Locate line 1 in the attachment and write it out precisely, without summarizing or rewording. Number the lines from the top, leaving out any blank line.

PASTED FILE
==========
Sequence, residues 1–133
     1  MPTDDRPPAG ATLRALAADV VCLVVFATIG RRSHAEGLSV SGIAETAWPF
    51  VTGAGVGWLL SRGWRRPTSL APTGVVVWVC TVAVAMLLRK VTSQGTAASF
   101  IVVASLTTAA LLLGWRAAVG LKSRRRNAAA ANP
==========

Sequence, residues 1–133